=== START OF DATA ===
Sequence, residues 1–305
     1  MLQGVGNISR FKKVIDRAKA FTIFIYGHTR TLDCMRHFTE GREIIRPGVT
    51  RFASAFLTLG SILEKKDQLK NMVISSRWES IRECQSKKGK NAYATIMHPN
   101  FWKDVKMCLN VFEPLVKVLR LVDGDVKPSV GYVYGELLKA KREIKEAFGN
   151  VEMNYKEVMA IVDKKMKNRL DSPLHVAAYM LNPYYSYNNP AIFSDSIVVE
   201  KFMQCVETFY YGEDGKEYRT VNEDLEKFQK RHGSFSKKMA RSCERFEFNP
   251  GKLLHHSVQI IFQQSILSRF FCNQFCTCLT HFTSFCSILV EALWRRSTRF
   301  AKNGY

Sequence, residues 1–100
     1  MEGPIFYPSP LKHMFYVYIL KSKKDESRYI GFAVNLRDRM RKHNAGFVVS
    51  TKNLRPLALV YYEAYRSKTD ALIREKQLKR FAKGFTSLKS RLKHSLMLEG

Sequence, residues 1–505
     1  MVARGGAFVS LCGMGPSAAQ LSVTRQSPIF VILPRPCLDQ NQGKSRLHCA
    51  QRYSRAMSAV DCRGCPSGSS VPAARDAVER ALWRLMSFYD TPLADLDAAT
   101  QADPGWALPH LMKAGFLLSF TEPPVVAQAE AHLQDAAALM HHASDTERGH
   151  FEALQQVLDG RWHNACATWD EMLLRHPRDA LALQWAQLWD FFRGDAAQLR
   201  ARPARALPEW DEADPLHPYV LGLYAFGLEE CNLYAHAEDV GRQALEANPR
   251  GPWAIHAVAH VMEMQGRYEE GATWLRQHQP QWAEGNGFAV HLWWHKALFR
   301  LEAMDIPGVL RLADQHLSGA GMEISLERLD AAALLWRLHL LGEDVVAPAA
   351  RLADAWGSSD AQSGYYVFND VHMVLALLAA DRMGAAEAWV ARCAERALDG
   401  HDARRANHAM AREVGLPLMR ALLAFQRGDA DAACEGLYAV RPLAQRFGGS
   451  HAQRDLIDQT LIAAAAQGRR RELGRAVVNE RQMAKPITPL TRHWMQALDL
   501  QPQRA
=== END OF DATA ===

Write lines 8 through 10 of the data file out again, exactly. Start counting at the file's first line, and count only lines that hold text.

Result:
   301  AKNGY

Sequence, residues 1–100
     1  MEGPIFYPSP LKHMFYVYIL KSKKDESRYI GFAVNLRDRM RKHNAGFVVS